I’m compiling a list of 100 things you should know before you come to Argentina. Our fist category is about money. It builds upon our last post regarding the basics about Money in Buenos Aires. Thanks to all my friends on Facebook for adding their two cents.
Getting Money: Banks, ATMs & Cambios
- ATMs are not easy to find in all neighborhoods. Look for banks with the signs of Banelco or Link outside. These typically have 24-hour ATMs. They’re called cajeros automaticos here. You can also often find cajeros automaticos in gas stations.
- ATMs often don’t work, especially before a long weekend when they run out of money right away. Try more than one if you have to, but if you know a holiday is coming up, get your cash early.
- ATMs charge for each transaction. It started at 11.43 pesos, but now it’s just over 15 pesos (in just about four months really).
- ATMs limit your withdrawal, in some cases only giving you 1000 pesos at a time. If you need to take out more than that, you’ll have to do two transactions and you’ll be charged a fee for both.
- You can’t change money in a bank. Ok, some banks will change money, but not many. The majority will only change foreign currency if you have an account with that bank. So, you’ll have to find a Casa de Cambio to change foreign currency. There are many downtown near the pedestrian street Florida, but none in San Telmo, for example. You’ll need your passport to change money.
UPDATE: An exchange office has just opened in San Telmo. It’s on Defensa, right after Plaza Dorrego (between Humberto Primo and Carlos Calvo).
- A Casa de Cambio may give a better rate than an ATM. But make sure you go to a legitimate one. In downtown, you’ll hear people on the street saying “cambio, cambio, cambio.” Steer clear of these guys and go to the ones that have their exchange rates posted on the windows and require your passport. Fake bills are common, but in the legit places, you shouldn’t have that problem.(*When you stay with us, we’ll show you a fake bill and how to recognize it so that you won’t get stuck with fake money).
Spending Money: Tipping, Credit Cards, & Fake Bills
- Taxi drivers are notorious for giving fake bills. The way they typically do it is if you want to pay with a 50 or 100 note for a 30 pesos ride, you’ll hand them the money asking if they have change and they’ll hand you back a fake saying yours was fake. It’s always better to have small bills for cab rides. You can usually tell a bill is fake because the color is off and the texture isn’t right. Also, hold it up to the light to see if there is a watermark (be sure to look at both sides because sometimes it’s printed on one side instead of being a real watermark). See our post on how to identify fake bills and take the test.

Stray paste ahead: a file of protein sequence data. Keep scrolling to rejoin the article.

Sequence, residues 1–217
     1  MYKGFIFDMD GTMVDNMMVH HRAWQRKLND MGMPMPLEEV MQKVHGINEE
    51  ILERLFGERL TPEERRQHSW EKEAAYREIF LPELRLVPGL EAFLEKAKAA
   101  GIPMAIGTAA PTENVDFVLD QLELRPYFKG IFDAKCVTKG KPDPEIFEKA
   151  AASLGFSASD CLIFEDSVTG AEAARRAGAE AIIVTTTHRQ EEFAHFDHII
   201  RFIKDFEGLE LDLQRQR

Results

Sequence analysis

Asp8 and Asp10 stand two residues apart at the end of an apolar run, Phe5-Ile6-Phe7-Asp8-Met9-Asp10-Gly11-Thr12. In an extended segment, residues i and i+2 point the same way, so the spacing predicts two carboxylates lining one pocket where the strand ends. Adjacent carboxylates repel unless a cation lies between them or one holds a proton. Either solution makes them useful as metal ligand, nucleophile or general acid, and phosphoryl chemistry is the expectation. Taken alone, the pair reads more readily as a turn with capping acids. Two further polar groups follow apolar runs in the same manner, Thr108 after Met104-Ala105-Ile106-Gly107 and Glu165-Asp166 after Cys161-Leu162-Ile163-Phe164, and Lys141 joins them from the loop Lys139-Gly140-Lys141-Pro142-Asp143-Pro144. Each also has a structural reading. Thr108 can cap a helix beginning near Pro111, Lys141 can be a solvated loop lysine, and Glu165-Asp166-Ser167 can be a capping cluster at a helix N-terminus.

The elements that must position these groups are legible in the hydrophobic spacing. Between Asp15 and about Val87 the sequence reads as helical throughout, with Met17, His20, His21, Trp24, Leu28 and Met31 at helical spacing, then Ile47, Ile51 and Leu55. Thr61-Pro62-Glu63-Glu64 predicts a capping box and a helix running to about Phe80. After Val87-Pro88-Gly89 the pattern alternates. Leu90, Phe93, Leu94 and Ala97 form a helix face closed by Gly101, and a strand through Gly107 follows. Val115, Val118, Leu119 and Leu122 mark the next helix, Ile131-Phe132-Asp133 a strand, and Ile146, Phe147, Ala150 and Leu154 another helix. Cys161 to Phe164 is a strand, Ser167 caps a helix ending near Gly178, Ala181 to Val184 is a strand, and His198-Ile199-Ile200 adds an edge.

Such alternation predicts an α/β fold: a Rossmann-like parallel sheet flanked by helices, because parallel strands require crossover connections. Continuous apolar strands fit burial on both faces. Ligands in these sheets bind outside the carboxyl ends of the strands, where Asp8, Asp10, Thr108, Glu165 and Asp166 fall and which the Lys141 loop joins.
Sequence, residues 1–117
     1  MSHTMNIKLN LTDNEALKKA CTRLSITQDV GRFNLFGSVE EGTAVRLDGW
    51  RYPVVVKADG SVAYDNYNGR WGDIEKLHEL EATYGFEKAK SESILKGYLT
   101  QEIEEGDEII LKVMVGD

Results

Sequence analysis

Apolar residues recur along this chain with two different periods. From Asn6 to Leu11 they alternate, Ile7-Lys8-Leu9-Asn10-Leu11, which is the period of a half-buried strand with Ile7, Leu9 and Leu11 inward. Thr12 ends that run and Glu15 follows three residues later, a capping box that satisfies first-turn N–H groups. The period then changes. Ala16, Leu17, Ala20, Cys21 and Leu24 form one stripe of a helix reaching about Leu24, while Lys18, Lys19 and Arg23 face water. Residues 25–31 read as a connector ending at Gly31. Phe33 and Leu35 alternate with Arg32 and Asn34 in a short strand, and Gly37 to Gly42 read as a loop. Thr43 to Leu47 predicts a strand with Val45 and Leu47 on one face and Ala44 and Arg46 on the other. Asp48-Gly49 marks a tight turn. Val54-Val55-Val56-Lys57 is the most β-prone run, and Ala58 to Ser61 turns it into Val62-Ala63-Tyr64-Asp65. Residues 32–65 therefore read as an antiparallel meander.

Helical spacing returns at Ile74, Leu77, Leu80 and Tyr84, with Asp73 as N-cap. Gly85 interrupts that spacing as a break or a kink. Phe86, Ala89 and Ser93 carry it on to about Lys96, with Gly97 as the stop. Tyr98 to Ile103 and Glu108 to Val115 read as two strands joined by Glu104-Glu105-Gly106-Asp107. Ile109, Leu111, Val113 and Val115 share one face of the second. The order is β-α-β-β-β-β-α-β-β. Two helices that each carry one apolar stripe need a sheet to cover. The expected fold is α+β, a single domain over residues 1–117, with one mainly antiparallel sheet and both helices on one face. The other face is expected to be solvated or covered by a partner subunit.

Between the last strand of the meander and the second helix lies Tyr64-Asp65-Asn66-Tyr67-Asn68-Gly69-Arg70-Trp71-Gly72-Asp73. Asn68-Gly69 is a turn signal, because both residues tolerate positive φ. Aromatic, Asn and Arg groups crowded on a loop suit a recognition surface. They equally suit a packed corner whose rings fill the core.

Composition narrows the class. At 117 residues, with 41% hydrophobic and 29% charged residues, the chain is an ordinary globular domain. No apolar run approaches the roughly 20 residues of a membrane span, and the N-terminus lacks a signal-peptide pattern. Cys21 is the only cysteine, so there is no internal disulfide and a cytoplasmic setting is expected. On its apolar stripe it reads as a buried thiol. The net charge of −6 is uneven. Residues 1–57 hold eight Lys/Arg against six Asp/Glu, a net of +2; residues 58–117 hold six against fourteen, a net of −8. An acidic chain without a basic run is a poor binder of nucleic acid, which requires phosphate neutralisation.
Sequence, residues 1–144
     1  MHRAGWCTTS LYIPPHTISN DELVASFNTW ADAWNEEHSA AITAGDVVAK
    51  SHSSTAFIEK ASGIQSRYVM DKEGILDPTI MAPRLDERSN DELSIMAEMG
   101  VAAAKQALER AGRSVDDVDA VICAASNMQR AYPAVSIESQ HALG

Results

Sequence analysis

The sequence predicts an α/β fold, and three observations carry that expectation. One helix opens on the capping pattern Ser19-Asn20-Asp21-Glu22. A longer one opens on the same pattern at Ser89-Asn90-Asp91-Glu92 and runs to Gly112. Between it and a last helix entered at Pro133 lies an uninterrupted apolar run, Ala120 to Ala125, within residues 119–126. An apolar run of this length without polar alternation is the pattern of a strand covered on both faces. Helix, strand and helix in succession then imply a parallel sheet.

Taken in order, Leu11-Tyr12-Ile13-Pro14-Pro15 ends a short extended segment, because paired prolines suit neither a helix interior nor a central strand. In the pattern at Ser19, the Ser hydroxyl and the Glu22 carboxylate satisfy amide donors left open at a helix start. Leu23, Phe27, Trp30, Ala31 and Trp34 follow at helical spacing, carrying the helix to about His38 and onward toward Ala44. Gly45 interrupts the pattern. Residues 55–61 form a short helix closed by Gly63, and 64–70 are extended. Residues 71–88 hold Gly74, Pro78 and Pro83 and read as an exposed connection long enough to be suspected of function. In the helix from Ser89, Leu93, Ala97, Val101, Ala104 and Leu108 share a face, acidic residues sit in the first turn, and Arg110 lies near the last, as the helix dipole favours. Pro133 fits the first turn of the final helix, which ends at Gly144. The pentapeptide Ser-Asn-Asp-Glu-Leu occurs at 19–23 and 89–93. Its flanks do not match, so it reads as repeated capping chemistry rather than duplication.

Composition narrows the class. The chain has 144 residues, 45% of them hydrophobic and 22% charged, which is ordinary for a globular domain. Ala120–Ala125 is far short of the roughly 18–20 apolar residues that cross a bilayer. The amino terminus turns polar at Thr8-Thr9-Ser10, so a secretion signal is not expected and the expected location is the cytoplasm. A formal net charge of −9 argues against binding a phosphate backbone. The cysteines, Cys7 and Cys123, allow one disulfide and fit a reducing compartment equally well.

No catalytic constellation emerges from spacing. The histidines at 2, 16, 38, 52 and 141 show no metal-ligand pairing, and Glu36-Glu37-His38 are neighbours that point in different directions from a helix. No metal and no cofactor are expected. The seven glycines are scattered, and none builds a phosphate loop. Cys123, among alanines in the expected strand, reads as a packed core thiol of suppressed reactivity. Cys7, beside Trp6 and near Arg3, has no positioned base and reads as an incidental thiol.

- There’s no need to tip taxi drivers. Most will round down or up so as not to have to use coins. If you want to tip, you might just tell them to round up to the next full peso.
- No one has coins. Ok, I’m exaggerating. The coin situation has improved in the last year. But it was awful before.
- The credit cards most commonly accepted are Visa and American Express. Mastercard is often accepted, but the Discover card is not.
- Let your credit card company and bank know you’ll be abroad and using your cards and ATM in Argentina before you leave home. Sometimes they will block purchases or withdrawals when the card is being used overseas.
- While most places accept credit cards, some don’t. If you’re going to a restaurant, check the Guia Oleo for that restaurant before you go to make sure you can use a credit card.
- If you’re making a big purchase ask if you can have a discount if you pay in cash (efectivo) or if you pay in dollars. Some places will offer a 10% discount for cash purchases.
- Many credit cards charge about 3% for foreign currency purchases. It’s a good idea to check with your credit card company before traveling to see what their policy is on purchases in a foreign currency. This can really add up if you’re always using your credit card.
- Sales tax is 21%. It can be a shock if you’re used to 8% or 9% sales tax.
Did we miss any money tips? Let us know in the comments below.